An unusually severe, end-of-summer heatwave is currently plaguing schools across the Northeast and Midwest, pushing temperatures into the triple digits — an unprecedented high for early September in these regions.
The worrisome escalation of global warming has made classrooms more susceptible to intense heat, particularly at the peak and waning periods of summer, thereby extending the adverse effects of heat deep into the school year. Schools lacking efficient air conditioning systems are particularly challenged. Many educational districts have been compelled to cancel classes, adjust timetables, and suspend extracurricular activities in a bid to avoid exposing students to the discomfort and dangers of excessively heated classrooms.
According to Kevin Lanza, assistant professor at UTHealth Houston School of Public Health, as temperatures continue to soar across the globe and summers grow longer, extreme heat could pose an issue similar to snow days in calamitous winters. He forecasts an increased frequency of extremely hot days in the future, which could impinge on the traditional school year.
The heat doesn’t only present physical health risks; it also poses significant challenges to cognitive development. A study from the Harvard Kennedy School from 2018 revealed that in air conditioner-free classrooms, students’ annual learning growth diminishes by 1% per each 1-degree Fahrenheit rise in temperature.
This situation underscores a stark reality: schools are ill-equipped to navigate the harsh weather conditions they currently face, asserts Laura Schifter, a senior fellow at the non-profit think tank Aspen Institute. She urges educational institutions to proactively consider the implications of climate change and formulate comprehensive response plans.
The oppressive heat caused Patricia Burton significant concern after her 9-year-old asthmatic son, Delano, was dismissed from City Springs Elementary School in Baltimore earlier than expected. Her fears extend to all children attending that school, as she understands the potential dangers of the blistering heat, especially given the inadequate air conditioning system in the school.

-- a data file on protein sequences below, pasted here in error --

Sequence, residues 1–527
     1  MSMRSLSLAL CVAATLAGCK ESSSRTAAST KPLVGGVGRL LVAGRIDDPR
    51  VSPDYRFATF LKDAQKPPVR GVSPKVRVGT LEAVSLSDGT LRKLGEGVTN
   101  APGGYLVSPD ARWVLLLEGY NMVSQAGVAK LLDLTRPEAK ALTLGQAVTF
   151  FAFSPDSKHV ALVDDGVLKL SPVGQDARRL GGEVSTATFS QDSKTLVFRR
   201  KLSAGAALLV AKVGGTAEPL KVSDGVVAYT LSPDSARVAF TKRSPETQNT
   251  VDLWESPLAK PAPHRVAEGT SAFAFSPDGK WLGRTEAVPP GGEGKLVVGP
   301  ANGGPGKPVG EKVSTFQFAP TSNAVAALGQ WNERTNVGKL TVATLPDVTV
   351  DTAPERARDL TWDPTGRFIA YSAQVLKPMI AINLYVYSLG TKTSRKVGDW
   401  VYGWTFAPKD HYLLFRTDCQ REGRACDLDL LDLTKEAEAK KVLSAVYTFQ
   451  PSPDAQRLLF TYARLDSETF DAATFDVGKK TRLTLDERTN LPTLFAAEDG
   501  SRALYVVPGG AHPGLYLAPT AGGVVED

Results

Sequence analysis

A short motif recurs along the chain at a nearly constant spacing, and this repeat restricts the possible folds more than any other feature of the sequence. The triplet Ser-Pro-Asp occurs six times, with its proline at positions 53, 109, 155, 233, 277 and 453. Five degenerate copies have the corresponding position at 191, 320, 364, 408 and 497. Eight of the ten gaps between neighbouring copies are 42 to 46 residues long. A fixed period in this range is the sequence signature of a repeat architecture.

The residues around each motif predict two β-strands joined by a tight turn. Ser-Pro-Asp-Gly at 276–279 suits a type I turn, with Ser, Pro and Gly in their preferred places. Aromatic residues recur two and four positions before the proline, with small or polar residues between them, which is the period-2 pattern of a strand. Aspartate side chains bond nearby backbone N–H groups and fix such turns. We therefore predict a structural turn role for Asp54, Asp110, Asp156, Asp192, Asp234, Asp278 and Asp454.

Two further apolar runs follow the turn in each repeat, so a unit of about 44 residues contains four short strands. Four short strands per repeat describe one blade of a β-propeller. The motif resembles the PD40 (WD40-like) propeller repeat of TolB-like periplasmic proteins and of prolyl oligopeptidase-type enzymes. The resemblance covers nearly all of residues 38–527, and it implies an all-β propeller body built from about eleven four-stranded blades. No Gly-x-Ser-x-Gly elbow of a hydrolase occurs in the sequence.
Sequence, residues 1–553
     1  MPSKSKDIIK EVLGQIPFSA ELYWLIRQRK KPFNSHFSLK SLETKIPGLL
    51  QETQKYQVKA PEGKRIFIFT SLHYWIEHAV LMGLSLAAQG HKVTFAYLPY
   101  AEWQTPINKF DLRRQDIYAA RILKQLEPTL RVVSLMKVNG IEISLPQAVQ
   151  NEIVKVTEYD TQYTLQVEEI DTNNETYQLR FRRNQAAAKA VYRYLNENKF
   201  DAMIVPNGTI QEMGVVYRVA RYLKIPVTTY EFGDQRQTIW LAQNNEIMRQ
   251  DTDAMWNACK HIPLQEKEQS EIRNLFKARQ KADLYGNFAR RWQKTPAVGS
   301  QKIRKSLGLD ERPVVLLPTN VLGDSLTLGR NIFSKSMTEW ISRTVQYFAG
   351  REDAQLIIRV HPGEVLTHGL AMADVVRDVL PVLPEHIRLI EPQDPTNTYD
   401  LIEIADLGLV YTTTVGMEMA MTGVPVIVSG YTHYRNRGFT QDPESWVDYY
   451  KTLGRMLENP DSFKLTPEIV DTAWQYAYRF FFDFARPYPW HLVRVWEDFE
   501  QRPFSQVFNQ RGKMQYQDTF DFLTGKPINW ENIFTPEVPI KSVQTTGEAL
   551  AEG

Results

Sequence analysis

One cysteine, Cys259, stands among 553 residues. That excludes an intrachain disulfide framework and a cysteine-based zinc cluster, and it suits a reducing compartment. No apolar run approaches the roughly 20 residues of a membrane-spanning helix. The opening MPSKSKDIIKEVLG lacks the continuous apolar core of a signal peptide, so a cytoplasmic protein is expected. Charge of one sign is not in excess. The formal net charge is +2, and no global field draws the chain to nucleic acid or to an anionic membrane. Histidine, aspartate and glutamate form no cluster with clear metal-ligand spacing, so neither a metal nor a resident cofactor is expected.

Alarmingly, Baltimore’s temperatures are expected to reach 101 degrees on Wednesday, an ignominy previously reached only thrice since 1872. This has led City Public Schools, including Delano’s, across the city to declare an early, heat-induced holiday. Schools in the Midwest, including Milwaukee, Chicago, and Detroit, have similarly revised schedules or declared shutdowns due to the punishing heat. Philadelphia is not immune either, with the city expecting a streak of four consecutive days of sweltering 95-degree-high weather.
As part of necessary measures, the School District of Philadelphia indicated that several schools with “inadequate cooling” would release students three hours early. Similar stories echo nationwide, highlighting the ramping efforts to install updated air conditioning and the requisite supporting electrical systems. While acknowledging that climate change plays a significant role in these disruptions, experts have also pointed to the aging infrastructure of many school buildings which were constructed in a significantly different climate era.
In response to this mounting issue, certain states have seen community advocates campaign to make schools healthier, safer, and less reliant on fossil fuel energy. Proposed solutions include replacing heat-trapping asphalt in playgrounds with green spaces featuring ample shade, and replacing traditional fossil fuel-powered air conditioners with heat pumps to cool buildings.
“This is where you have to shift resources, whether that’s within that region or at the federal level,” Lanza noted. “Learning in an environment that has safe and comfortable temperatures should be a human right, an expectation that our existing setup is currently failing to meet.”